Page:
The only treatment interventions associated with reducing an opioid use disorder patient’s overdose risk are buprenorphine and methadone, according to a new study. But only a minority of OUD patients are actually on these medications—and most are not even on them for long enough to reap the benefits.
Out of more than 40,000 people with OUD, patients who took buprenorphine or methadone for at least 12 months saw the greatest reduction in overdose, found a February 5 study published in JAMA Network Open. Around 3 percent of patients who did not receive medications for opioid use disorder (MOUD) had experienced an overdose at the end of a one-year period, whereas only 1 percent of patients on MOUD for that time period had such an experience.
No overdose risk reduction was associated with any of the other interventions studied—even with the two most common ones, non-intensive behavioral health services (59 percent of study cohort) and inpatient detoxification or residential services (15 percent of study cohort).
The third type of MOUD included in the study, naltrexone, did not show risk reduction either. Naltrexone requires detoxification, whereas methadone and buprenorphine do not. As shown in studies of outcomes for people who have been released from prison, the risk of a fatal overdose is greater when someone has been detoxed. Naltrexone manufacturer Alkermes did not track overdoses among participants in its only study.
The duration of a patient’s retention in MOUD treatment was associated with risk reduction. Taking the medication for less than a month was actually associated with much higher risk of overdose, with 6 percent of patients who took MOUD for between one and 30 days experiencing an overdose. But after 180 days or around six months on the meds, the likelihood of overdose dropped by five percentage points.
Yet the average duration of buprenorphine and methadone treatment among the study cohort was 149 days—a month short of the time period when the anti-overdose benefits seemed to kick in.
This is especially concerning when patients’ access to methadone and buprenorphine is shaky. Patients on the medication had the highest rates of health insurance disenrollment, while those in non-intensive behavioral health interventions, which are seemingly ineffective at reducing overdoses, saw the lowest.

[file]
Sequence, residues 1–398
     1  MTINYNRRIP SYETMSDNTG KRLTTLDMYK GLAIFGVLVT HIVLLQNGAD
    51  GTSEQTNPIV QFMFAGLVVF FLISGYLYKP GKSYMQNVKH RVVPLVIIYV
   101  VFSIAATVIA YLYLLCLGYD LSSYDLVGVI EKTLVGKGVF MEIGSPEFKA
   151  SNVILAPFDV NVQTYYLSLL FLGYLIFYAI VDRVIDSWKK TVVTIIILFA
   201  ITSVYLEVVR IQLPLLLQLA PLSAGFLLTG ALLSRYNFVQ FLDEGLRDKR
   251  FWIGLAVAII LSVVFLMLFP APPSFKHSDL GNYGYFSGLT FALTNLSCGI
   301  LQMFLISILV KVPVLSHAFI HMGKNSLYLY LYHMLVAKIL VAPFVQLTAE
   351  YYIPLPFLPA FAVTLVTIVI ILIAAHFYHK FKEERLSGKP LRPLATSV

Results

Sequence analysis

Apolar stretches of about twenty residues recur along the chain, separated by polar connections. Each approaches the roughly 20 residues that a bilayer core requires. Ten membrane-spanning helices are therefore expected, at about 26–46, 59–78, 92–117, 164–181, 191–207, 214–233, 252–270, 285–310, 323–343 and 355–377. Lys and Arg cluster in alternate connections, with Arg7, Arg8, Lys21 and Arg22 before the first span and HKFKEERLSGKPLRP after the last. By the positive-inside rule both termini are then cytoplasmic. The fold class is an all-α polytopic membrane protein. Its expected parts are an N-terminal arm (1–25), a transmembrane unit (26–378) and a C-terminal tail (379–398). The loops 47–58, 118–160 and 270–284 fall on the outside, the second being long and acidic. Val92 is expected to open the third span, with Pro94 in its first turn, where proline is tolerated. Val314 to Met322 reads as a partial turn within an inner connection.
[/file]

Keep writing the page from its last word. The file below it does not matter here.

The study authors note the existence of “numerous” other barriers to “sustained engagement” in methadone and buprenorphine treatment. Among them include “lack of access to waivered practitioners, high co-payments, prior authorization requirements, and other restrictions on use,” write the authors.
People of color were underrepresented among patients on methadone and bupernorphine, while white people were overrepresented. Black people made up 12 percent of the total cohort, but only 9 percent of folks on the meds, while Hispanic patients were 8 percent of the total and 4 percent of those on MOUD. White people were nearly three-quarters (74 percent) of the total, but 78 percent of those taking buprenorphine or methadone.
The study authors suggest that low-threshold treatment programs could be a way to boost retention.
“This is not about being ‘pro-medication’ or ‘anti’ other treatments,” tweeted study author Dr. Sarah Wakeman, an addiction medicine physician at Massachusetts General Hospital. “I am pro science, pro things that keep people alive, healthy, & happy. Patients & families deserve evidence to make informed decisions that are right for them. Just like with any other illness.”